New Logo

January 27,2009

Kentucky Pest News Newsletter
-Creator of Kentucky Pest News Honored by KNLA
-2009 IPM Training - March 4
-Soybean Rust Monitoring Network a "Go" for 2009
-Avoid Geranium Bacterial Blight
-Spring Dead Spot Infection Activity in Bermudagrass



Creator of Kentucky Pest News Honored by KNLA
By Paul Vincelli

Dr. John Hartman, the founder of Kentucky Pest News (originally called Pest News Alert) and UK Extension Plant Pathologist for 37 years, was honored this month for his many contributions to the nursery and landscape industry.  He was chosen as a Member of the Honorary Hall of Fame of the Kentucky Nursery and Landscape Association at this organization’s annual meeting in Louisville on January 13th.

We are very proud of the excellent work John has done over the years on behalf of Kentuckians, and we wanted to share this recognition with you, our readers.

2009 IPM Training - March 4
By Patricia Lucas

The 2009 IPM Training will be held on Wednesday, March 4, at the UKREC in Princeton. We will start at 9 and end at 3:30. Topics on the program include – Fungicide Use in Corn & Soybeans, Improving Nutrient Use Efficiency in Corn & Soybean Production, What’s New in Weed Control for 2009, plus Corn and Soybean Insect Issues.  We will be applying to offer CEU’s for Certified Crop Advisors and pesticide safety education hours. Lunch will be provided.  To reserve a lunch, call 270-365-7541 extension 216 or e-mail Be sure and check your next issue of Kentucky Pest News for more details.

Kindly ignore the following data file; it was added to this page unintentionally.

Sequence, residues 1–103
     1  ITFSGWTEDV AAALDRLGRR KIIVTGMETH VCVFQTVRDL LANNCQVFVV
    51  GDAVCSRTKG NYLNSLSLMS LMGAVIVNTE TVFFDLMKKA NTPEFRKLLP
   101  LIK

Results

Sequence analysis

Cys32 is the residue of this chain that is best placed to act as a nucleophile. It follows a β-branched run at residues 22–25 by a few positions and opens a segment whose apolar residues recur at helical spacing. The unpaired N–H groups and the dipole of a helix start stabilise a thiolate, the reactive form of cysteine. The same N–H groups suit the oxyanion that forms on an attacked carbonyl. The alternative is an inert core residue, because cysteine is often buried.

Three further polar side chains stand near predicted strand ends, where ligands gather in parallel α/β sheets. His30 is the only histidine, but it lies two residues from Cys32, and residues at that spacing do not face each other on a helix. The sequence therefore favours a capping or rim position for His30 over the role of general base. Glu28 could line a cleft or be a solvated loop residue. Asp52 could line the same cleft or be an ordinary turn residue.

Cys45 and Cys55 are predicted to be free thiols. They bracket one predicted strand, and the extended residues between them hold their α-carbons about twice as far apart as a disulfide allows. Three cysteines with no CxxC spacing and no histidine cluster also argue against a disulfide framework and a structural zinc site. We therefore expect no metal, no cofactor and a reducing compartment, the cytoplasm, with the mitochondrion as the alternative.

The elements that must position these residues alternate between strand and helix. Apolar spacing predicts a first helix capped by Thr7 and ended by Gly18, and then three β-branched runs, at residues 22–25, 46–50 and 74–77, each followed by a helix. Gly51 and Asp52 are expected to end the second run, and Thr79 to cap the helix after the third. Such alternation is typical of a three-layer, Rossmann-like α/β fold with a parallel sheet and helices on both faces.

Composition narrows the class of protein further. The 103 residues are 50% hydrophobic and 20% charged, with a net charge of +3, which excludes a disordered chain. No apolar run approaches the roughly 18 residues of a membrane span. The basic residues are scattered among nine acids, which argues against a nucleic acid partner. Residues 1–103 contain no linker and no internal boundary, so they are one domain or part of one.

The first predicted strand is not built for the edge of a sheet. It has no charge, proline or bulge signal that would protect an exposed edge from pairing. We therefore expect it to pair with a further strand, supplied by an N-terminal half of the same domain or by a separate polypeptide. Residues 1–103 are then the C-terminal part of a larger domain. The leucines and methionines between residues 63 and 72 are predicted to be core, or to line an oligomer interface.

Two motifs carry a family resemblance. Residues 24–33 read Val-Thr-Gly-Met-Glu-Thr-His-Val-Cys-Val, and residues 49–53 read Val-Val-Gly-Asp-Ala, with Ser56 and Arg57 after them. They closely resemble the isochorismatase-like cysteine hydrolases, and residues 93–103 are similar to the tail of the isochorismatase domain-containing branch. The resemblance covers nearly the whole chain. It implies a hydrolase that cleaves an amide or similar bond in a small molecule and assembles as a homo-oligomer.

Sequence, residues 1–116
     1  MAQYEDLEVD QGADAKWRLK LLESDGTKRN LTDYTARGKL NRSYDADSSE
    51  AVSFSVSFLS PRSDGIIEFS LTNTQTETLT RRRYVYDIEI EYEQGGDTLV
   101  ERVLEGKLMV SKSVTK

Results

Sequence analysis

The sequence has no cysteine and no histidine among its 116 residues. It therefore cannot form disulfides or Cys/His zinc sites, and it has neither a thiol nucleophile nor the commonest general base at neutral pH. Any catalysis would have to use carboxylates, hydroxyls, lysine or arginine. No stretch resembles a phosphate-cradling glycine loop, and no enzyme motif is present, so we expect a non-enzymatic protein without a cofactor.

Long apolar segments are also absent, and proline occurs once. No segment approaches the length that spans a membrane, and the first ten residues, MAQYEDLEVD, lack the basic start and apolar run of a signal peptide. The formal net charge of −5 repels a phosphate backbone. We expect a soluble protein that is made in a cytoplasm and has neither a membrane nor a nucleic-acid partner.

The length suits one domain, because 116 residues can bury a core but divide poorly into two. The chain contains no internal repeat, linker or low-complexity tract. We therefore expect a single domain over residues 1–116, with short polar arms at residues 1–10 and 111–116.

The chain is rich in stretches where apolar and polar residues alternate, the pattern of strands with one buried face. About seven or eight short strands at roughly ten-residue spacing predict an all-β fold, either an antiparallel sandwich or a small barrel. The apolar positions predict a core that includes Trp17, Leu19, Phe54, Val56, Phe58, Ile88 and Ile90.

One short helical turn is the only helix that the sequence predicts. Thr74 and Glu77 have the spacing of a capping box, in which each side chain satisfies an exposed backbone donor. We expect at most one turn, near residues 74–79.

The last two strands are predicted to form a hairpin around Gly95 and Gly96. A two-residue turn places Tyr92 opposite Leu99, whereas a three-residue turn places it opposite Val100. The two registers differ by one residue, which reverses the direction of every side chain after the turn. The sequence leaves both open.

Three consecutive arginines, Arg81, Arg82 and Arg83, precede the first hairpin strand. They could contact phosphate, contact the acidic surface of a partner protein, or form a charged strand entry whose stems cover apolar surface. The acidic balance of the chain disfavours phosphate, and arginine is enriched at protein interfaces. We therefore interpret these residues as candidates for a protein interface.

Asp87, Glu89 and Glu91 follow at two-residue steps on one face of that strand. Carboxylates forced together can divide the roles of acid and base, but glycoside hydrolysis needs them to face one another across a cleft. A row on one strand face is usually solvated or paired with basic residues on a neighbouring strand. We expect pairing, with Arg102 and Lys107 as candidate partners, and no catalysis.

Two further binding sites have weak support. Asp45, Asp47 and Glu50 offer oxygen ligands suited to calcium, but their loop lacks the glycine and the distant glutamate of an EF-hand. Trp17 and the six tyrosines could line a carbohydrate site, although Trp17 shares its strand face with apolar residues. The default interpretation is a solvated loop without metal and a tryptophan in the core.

Soybean Rust Monitoring Network a "Go" for 2009
By Don Hershman

SoybeanAs many of you know, the soybean rust (SBR) monitoring network has been successfully used to monitor the distribution and severity of SBR in the U.S. since 2005. An important goal of the network is to function as an early warning system for producers. The sentinel network has proved to be very effective and has saved U.S. soybean producers an estimated $209-$299 million, annually.  Savings have mostly come as a result growers not spraying a fungicide when they otherwise would have. Additional savings were based on application of fungicides when the SBR risk was high. In other words, the SBR monitoring network as been embraced by soybean producers as a very effective tool for assisting them in making appropriate fungicide use decisions.

Since 2006, the USDA Risk Management Agency (RMA) funded most SBR monitoring activities in the South, and also provided limited funding for the Northern monitoring network. The balance of the program in the North was funded by soybean Check-off Sources (mostly, United Soybean Board and North Central Soybean Research Program).  RMA also provided funds to support an information technology framework that has been an integral part of the ipmPIPE, including SBR efforts.  This is how the SBR website, which includes the well-known SBR observation map and disease prediction information (, are funded.